Gap between Labour and Tories falls to single digits in poll that will shock government

Labour leader Sir Keir Starmer issues a statement outside his home in north London, after Prime Mini

Labour leader Sir Keir Starmer issues a statement outside his home in north London, after Prime Minister Boris Johnson backed his de facto chief-of-staff Dominic Cummings. Photograph: Aaron Chown/PA Wire - Credit: PA

The Tory lead over Labour has fallen to single digits in less than a week, a new YouGov survey has revealed.

Last week's polling by YouGov and the Times found that Boris Johnson enjoyed a 15 point lead over the opposition, despite Labour's new leader Keir Starmer.

The Tories were on 48% of support compared to Labour's 33%. But after a weekend of news stories that have rocked the government, the lead is down to just six points.

Fresh polling shows that Labour's support has jumped by five points to 38%, and Tory support has fallen by four points to 44%.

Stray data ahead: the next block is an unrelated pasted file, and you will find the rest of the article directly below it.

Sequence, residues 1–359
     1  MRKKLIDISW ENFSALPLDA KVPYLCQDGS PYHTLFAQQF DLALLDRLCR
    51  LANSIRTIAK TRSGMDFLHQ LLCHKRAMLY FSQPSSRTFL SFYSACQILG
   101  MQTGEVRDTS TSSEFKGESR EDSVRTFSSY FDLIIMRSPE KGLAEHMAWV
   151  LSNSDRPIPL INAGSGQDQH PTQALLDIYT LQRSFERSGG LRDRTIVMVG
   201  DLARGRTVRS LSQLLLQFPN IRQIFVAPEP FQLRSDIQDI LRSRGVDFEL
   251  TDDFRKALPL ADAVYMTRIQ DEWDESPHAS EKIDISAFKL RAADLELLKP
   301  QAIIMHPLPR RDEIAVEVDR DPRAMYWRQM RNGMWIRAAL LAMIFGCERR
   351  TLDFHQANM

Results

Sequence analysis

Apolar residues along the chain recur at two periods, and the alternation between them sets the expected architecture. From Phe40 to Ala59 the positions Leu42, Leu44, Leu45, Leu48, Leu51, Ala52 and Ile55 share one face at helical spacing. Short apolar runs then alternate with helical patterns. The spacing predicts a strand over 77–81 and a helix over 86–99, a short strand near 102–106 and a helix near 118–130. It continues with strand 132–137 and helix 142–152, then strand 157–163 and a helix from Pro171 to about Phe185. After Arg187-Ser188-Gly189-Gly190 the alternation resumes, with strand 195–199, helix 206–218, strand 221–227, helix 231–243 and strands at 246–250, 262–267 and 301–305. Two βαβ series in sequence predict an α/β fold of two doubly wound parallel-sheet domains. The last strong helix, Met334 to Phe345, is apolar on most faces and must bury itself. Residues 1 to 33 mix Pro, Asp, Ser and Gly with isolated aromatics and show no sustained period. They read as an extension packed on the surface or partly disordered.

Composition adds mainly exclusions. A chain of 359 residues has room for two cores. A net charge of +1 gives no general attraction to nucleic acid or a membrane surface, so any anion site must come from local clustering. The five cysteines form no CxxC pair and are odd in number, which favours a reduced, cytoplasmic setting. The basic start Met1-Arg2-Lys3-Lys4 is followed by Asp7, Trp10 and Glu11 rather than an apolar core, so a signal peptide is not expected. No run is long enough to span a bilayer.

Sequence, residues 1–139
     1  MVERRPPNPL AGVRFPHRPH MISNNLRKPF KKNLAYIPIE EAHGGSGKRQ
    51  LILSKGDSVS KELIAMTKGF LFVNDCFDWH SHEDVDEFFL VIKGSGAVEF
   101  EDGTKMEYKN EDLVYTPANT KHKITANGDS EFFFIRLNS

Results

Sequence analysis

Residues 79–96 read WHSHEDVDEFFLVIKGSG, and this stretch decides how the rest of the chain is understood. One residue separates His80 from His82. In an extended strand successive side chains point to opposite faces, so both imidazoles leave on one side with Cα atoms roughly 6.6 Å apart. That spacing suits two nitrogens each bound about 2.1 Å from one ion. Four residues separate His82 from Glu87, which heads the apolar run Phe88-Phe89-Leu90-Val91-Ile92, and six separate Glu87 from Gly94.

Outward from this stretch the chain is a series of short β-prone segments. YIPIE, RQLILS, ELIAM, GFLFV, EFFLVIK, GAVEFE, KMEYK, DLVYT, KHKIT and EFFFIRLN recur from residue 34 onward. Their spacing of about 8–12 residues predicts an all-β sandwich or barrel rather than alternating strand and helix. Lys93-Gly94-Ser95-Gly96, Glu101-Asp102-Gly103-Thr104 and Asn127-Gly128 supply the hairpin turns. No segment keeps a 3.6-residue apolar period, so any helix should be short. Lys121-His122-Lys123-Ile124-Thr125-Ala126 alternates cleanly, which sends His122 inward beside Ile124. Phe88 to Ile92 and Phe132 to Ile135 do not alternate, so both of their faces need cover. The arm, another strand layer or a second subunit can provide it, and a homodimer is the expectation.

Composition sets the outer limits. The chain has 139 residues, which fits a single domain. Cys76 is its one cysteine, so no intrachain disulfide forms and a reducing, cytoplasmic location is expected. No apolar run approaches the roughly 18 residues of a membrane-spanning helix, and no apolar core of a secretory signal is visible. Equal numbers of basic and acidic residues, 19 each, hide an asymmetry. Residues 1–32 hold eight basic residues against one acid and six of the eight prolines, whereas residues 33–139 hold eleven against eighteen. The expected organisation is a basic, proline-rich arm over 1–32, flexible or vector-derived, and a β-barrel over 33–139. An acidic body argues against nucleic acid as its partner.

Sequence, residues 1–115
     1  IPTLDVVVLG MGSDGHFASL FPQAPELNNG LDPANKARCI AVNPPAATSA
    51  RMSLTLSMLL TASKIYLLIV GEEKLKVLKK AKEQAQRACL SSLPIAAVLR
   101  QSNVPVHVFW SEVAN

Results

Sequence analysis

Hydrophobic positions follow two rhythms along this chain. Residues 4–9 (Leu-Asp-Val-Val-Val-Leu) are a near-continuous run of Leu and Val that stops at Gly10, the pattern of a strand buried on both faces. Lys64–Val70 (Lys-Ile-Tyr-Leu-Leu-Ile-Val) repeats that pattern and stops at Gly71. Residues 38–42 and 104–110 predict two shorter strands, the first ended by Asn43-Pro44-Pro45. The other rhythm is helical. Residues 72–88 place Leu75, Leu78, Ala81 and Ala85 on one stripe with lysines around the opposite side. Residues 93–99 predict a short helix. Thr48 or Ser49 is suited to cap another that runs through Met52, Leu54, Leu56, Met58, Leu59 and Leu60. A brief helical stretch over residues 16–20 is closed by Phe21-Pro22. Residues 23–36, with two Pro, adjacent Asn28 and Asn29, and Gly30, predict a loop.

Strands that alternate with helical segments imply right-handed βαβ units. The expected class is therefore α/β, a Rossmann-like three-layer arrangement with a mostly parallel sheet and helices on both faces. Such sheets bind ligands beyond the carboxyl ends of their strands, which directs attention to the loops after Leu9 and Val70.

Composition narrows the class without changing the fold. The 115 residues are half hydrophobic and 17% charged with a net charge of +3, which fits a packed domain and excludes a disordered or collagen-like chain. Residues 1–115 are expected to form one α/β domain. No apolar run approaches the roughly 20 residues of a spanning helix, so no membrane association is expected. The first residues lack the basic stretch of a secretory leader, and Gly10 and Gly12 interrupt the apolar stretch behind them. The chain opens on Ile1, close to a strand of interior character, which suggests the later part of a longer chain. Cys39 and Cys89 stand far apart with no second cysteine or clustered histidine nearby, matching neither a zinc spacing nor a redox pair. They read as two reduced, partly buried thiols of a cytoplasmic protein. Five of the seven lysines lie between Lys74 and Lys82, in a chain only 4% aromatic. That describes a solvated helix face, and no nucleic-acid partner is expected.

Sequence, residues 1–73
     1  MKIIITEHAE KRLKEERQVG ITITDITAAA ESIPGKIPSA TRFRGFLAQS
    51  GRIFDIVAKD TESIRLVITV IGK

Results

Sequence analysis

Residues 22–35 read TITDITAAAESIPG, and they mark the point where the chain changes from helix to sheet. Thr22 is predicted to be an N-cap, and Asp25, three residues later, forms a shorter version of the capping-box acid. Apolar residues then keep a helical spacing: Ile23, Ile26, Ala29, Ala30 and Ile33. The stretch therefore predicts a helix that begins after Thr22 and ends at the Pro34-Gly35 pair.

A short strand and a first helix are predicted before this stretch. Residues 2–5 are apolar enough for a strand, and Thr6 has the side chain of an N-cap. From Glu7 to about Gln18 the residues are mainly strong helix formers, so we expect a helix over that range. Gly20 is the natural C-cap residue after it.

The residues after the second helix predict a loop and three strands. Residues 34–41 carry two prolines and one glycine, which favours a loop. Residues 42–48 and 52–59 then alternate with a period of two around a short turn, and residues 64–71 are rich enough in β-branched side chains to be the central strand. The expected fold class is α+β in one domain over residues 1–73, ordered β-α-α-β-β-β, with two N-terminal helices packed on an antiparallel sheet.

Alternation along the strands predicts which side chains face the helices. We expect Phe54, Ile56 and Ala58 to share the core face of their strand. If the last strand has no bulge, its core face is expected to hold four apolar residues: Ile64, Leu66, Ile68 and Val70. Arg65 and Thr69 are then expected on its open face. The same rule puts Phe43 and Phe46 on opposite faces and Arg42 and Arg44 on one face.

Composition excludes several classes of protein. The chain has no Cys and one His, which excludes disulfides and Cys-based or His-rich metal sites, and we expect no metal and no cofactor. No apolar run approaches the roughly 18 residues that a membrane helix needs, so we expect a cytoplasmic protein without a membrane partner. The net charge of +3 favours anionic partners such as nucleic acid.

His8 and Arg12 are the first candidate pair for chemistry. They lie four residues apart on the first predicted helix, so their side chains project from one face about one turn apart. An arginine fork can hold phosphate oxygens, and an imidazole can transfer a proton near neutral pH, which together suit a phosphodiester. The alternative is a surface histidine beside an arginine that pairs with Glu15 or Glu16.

The Lib Dems remain third on 6%, failing to gain support from the Tories' failures.


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It comes as separate polling from ComRes also indicated that the government's approval rating fell by 16 points in just one day over the weekend.


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TNE columnist James Ball tweeted: 'This is not remotely normal. In an election campaign it would be extraordinary.

'During a global crisis that transcends normal politics it is utterly unprecedented.'

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Polling for the Daily Mail by JL Partners also found that 66% of people think Dominic Cummings should resign - with 55% of Tory voters saying he has to go.

A total of 80% of people surveyed think that the senior aide did break lockdown rules, with 61% believing Boris Johnson was protecting his adviser.

The newspaper also found that Starmer closes the gap on who would make the best political leader for the country.

37% believe Johnson would be best - down five points - whereas 34% think Starmer would be better, an increase of seven points.

James Johnson, who founded the polling firm after working for 10 Downing Street, commented: 'This is the most consistently one-sided political topic I have ever ran a poll on. I expected nuance, there was no nuance. Public completely united in their views'.

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